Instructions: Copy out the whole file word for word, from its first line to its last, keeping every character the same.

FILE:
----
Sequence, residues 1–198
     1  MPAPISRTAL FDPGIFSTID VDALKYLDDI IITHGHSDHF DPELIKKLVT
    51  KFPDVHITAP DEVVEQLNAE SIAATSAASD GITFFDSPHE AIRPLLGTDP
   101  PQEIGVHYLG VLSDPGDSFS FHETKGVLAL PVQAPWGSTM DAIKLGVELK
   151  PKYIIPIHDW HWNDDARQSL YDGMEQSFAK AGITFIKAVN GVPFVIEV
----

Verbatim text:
Sequence, residues 1–198
     1  MPAPISRTAL FDPGIFSTID VDALKYLDDI IITHGHSDHF DPELIKKLVT
    51  KFPDVHITAP DEVVEQLNAE SIAATSAASD GITFFDSPHE AIRPLLGTDP
   101  PQEIGVHYLG VLSDPGDSFS FHETKGVLAL PVQAPWGSTM DAIKLGVELK
   151  PKYIIPIHDW HWNDDARQSL YDGMEQSFAK AGITFIKAVN GVPFVIEV